Part biography, part cultural history, The Creation of Anne Boleyn is a fascinating reconstruction of Anne’s life and an illuminating look at her afterlife in the popular imagination. Why is Anne so compelling? Why has she inspired such extreme reactions? What did she really look like? Was she the flaxen-haired martyr of Romantic paintings or the raven-haired seductress of twenty-first-century portrayals? (Answer: neither.) And perhaps the most provocative questions concern Anne’s death more than her life. How could Henry order the execution of a once beloved wife? Drawing on scholarship and critical analysis, Bordo probes the complexities of one of history’s most infamous relationships.
Bordo also shows how generations of polemicists, biographers, novelists, and filmmakers imagined and re-imagined Anne: whore, martyr, cautionary tale, proto “mean girl,” feminist icon, and everything in between. In this lively book, Bordo steps off the well-trodden paths of Tudoriana to expertly tease out the human being behind the competing mythologies.
When I first heard that Susan Bordo was writing a non-fiction book about Anne Boleyn, I was immediately intrigued but at the same time wondered whether there was a need for another book about Anne. Was there really anything left to say that hadn’t already been said countless times before?
Regardless of my hesitations, I followed Susan’s Facebook page with keen interest and very quickly realised that the project Susan was working on was unlike any other. This was not just a regurgitation of what other historians had published over the years, but a completely novel way of looking at —and of interpreting— Anne’s story.
In his masterful biography of Anne Boleyn, the late Professor Ives dedicates one chapter to discussing the ‘Sources’; where does what we know or think we know about Anne actually come from? How much of it is reliable and how much of it was written by her enemies? This is a central theme of The Creation of Anne Boleyn and an area that Susan explores in great detail, with at times eye-opening results.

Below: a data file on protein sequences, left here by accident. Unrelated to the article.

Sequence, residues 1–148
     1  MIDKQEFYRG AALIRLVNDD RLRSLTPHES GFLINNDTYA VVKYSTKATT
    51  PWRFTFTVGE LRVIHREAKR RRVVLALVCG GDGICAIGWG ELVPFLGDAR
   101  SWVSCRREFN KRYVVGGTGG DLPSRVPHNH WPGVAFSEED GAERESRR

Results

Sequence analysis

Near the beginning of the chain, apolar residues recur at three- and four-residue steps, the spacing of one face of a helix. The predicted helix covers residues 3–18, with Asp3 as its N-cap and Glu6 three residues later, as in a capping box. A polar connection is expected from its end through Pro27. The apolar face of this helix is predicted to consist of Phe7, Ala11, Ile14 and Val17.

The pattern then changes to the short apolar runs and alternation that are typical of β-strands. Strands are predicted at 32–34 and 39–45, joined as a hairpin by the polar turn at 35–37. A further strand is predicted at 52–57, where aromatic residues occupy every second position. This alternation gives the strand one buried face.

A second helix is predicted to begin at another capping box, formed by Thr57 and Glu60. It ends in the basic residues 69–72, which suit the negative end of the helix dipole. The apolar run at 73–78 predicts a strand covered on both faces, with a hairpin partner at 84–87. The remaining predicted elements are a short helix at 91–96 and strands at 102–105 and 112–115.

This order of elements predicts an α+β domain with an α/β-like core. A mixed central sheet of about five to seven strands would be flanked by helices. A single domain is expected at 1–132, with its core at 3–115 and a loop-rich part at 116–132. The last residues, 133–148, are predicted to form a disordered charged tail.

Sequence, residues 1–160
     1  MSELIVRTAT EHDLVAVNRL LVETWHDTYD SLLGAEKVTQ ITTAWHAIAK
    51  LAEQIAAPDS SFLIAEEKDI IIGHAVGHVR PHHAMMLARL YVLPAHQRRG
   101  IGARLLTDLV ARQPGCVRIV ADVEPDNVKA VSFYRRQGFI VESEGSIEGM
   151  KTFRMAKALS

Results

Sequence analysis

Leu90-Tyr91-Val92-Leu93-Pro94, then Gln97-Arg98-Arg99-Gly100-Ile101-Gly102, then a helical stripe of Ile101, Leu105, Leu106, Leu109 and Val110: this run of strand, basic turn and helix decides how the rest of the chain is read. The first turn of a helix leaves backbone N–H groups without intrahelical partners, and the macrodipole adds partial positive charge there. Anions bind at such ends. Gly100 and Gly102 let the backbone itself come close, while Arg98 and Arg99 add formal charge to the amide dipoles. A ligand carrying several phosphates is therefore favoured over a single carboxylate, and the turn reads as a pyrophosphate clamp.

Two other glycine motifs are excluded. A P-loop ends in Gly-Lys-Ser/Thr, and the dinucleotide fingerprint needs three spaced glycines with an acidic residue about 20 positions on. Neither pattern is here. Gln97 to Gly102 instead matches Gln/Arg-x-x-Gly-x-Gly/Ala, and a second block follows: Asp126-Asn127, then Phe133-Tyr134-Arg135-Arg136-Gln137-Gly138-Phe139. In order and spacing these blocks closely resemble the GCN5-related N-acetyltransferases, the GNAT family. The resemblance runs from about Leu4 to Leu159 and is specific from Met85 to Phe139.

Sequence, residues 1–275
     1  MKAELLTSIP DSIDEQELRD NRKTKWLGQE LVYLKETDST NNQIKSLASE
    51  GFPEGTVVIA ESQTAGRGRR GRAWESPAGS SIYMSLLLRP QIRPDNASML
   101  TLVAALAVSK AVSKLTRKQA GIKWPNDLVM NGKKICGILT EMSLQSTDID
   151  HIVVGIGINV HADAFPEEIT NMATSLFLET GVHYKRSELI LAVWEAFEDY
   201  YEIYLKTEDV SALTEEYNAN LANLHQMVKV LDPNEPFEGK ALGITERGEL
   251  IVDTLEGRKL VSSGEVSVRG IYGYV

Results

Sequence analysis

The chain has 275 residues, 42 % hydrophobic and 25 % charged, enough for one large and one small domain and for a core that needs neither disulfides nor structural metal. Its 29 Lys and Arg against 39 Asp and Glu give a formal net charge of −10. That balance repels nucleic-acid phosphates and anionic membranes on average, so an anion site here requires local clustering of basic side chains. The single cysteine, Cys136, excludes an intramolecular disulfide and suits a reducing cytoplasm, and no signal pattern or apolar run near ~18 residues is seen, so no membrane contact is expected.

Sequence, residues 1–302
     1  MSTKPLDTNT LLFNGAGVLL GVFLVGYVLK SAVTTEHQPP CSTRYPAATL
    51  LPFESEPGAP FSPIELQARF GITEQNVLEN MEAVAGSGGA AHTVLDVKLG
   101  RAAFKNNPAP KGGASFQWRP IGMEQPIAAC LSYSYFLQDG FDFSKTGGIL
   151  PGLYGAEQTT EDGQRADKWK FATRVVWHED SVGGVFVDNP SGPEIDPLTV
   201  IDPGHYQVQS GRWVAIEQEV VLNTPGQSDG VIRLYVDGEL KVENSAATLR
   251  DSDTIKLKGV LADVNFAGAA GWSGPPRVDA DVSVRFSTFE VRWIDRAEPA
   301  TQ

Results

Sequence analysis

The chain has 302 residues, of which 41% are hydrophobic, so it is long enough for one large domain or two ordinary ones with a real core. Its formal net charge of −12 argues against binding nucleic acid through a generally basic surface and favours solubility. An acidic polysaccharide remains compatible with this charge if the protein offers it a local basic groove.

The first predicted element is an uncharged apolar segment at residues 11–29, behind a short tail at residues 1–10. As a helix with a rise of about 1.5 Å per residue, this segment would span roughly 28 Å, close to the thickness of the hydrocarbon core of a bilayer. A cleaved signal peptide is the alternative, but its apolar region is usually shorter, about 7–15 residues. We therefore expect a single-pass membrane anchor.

She eloquently disentangles the fact from the fiction and successfully demonstrates how stereotypes and fictional representations of Anne, created by novelists and filmmakers over the years, have come to be accepted, by many, as fact.
I particularly enjoyed reading about Anne’s many “rebirths” or re-representations in literature and popular culture; sometimes revived as the ruthless marriage-breaker capable of multiple adulteries and incest, or the blood-thirsty murderess and at other times, as the Protestant saint but, as Bordo shows, the real Anne was none of these – she is not so neatly boxed.
As for the six fingers, goitre and third nipple… many Anne Boleyn myths are explored and debunked and about time I say!
The Creation of Anne Boleyn is engrossing, informative and highly entertaining, Bordo’s candour is a welcome relief in the often stuffy world of the Tudor academic. I could not help but draw parallels between the author and her subject —a woman she obviously greatly admires —intelligence, wit and a “not afraid to call it as they see it” attitude aplenty!
While extensively researched, a few historical inaccuracies did find their way into the first edition but this did not detract from my overall enjoyment of the book, which I have no hesitation in recommending.
The Creation of Anne Boleyn is a thought provoking must-read for those familiar with Anne’s story and newcomers alike. I highly recommend the Ives-Bordo combination, read in succession, for the most comprehensive and balanced look at the real Anne Boleyn.